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  1. Blog
  2. Interviewing
  3. March 6, 2023

How to Talk About Your Layoff in a Job Interview

Honesty is the best policy

A woman talking about her layoff in a job interview
Photo courtesy of cottonbro studio

You want to be your best self in a job interview—so talking about a low career point, like a layoff, isn’t a favorite topic to cover. But it doesn’t have to be a tough answer at all. 

Here’s how to navigate talking about your layoff while acing your job interview. 

Don’t fear talking about your layoff when interviewing

Jenna Cantwell of Cantwell Career Coaching, who helps clients prepare with mock interviews, says to be honest when you tell a recruiter or interviewer that you were laid off. 

“I would be short and concise. And I wouldn’t go into too much detail,” Cantwell says. “Layoffs are a pretty common thing right now. I would just say you were let go, and move on.” 

So a straightforward and short “I was laid off,” or “My department was cut during a layoff,” or “The company cut 15 percent of the staff,” should do it! 

Unfortunately, there are a lot of people job hunting because of layoffs, especially in the tech industry. Between Google, Amazon, Microsoft, and others, more than 70,000 employees have been cut in the last year. 

But the fact that layoffs are common can help you smoothly handle any interview questions regarding why you’re no longer at your previous job. Your interviewer has probably talked to many people who have been laid off and knows you’re not alone. 

“What’s going on in the world, like during the pandemic, can help. If you had a gap in employment or were laid off during 2020–21, [your interviewers] are much more likely to take the pandemic/COVID answer and move on,” Cantwell says. “Also the industry helps. Obviously if you are in tech and you mention [you’ve been laid off], that’s not a shock. If it was newsworthy, like a company that was in the news like Peloton or Amazon, just mentioning that will help move on to the next questions.”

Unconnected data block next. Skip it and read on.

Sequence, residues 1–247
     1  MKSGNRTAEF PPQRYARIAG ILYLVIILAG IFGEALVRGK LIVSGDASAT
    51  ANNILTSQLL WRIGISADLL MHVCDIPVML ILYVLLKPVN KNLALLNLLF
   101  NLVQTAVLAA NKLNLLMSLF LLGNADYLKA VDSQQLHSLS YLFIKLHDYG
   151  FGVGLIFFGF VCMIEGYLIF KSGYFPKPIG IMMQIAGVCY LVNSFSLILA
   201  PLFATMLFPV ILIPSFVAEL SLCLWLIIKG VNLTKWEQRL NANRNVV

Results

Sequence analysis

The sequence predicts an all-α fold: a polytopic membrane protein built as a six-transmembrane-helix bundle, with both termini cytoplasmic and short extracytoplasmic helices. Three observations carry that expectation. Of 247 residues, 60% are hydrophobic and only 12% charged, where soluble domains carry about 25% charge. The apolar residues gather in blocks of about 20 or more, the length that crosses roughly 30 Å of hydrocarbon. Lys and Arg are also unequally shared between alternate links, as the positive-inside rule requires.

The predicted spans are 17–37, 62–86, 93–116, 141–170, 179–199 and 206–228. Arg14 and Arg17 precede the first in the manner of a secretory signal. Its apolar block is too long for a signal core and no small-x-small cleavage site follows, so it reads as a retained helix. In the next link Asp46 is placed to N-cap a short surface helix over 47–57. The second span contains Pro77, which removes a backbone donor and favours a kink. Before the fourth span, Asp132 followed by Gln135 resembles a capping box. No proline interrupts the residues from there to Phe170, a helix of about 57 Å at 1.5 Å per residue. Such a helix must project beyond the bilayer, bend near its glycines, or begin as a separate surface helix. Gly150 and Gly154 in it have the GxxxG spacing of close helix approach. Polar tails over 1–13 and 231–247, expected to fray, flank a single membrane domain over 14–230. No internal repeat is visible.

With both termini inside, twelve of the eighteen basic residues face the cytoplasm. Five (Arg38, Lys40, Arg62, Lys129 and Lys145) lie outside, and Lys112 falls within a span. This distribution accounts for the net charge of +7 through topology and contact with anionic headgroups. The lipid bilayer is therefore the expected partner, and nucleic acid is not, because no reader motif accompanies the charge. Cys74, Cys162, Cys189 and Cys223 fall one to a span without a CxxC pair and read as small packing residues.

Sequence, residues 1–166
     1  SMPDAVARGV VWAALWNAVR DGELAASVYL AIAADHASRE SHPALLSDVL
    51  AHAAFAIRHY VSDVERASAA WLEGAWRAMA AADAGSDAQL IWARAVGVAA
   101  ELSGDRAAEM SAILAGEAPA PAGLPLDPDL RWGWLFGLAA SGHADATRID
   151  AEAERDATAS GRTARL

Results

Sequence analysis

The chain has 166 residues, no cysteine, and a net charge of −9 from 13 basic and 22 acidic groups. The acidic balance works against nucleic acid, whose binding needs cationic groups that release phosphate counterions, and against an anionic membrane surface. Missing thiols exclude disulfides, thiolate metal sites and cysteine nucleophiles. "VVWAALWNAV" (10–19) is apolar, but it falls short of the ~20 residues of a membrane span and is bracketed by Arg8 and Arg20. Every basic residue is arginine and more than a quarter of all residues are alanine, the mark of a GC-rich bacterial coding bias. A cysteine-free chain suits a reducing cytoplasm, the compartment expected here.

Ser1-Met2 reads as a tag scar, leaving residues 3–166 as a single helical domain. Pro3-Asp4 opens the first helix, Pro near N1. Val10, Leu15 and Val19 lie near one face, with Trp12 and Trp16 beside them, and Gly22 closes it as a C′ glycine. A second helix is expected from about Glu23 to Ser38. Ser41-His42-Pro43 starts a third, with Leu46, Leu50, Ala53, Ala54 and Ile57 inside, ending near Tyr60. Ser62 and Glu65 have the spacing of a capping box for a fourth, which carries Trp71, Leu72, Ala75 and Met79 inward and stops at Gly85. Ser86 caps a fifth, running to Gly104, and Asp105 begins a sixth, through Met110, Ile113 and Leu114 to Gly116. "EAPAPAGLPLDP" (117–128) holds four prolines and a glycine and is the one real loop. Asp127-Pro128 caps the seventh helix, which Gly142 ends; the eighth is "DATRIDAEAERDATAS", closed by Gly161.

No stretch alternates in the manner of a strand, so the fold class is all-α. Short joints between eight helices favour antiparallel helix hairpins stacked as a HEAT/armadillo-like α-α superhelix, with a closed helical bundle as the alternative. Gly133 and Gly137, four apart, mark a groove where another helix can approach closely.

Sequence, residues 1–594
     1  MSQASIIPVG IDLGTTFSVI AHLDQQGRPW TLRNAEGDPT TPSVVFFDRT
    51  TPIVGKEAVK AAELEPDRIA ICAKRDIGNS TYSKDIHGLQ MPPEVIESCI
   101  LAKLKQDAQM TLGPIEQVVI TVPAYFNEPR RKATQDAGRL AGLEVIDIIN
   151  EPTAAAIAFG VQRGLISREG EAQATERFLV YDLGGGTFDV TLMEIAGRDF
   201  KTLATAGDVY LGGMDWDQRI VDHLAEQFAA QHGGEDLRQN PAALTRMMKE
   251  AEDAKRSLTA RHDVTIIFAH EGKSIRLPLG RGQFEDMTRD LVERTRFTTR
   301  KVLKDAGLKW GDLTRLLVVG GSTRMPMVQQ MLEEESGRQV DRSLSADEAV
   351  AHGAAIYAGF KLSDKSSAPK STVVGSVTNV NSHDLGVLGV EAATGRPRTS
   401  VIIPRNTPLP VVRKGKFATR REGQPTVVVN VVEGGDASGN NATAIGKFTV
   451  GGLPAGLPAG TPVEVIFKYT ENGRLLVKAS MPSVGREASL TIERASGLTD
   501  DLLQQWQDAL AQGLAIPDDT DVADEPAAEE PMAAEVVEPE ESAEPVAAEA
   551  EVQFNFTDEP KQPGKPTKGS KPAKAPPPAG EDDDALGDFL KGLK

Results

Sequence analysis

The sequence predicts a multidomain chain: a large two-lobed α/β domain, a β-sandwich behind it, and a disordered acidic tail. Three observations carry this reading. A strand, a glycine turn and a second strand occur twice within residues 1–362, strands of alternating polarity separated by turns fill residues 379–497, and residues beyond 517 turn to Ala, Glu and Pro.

Read more: The Best Answer to ‘Why Are You Looking for a New Job?’

Keep your layoff talk professional when interviewing 

You might feel angry, frustrated, or depressed about being laid off. Work through those feelings, but not during your job interview. 

“Always be positive, don’t bash your former company or manager,” Cantwell says. She says if you want to make sure you hit the right tone, practice!

“Do a recording and see how you look when you answer these questions,” Cantwell says. “Show your growth. Highlight accomplishments or value-driven experience.” But don’t vent about why you should not have been let go, or how they’ll regret keeping your coworker and not you. 

Read more: How to Answer, ‘Do You Want to Tell Us Anything Else About You?’

How to keep your layoff anxiety out of your job interview 

You might carry some leftover “layoff nerves” with you into your next job, worried you’ll be let go again without any notice. There’s never a 100 percent guarantee you won’t be laid off again. 

Remember, layoffs aren’t rare. There were 15.4 million layoffs in 2022, according to career statistics site Zippia. And 40 percent of Americans have been laid off or terminated at least once. 

Of course, if a company is hiring, that’s a good sign they aren’t laying people off. But if you find it’s on your mind and you have an interview scheduled, here are some ways to calm those nerves.

First, Cantwell says not to bring up your “will I be laid off again” concerns to your interviewer, even if they’re still top of mind. 

“What I would do is research the company,” Cantwell says. “You can look on Glassdoor and read recent reviews from former employees. If a month ago they were mentioning they were laid off and there were a bunch of them, that could be a hint. Do some more web research to see if there’s anything about that type of industry and how they’re doing.” 

There are also questions you can ask to get an idea of how the company is doing. 

“Be prepared for the interview. Write down a list of questions you want to ask to determine if it’s a company you want to work for, like if you see progress for them, if they’re growth-minded,” Cantwell says. “You can mention that you’re excited to start a long-term career, or the next chapter of your career, working for a company that’s growth-minded like they are. You can also ask them specific questions, like what are their five-year growth plans, or where do they see the department or company being in the next five years, to kind of gauge where they’re at and where they think that they’ll be.” 

Remember: Your layoff is far from a defining characteristic of yours. So go find a better opportunity and don’t worry about the past! 

Read more: Questions to Ask In An Interview That Actually Tell You About the Job

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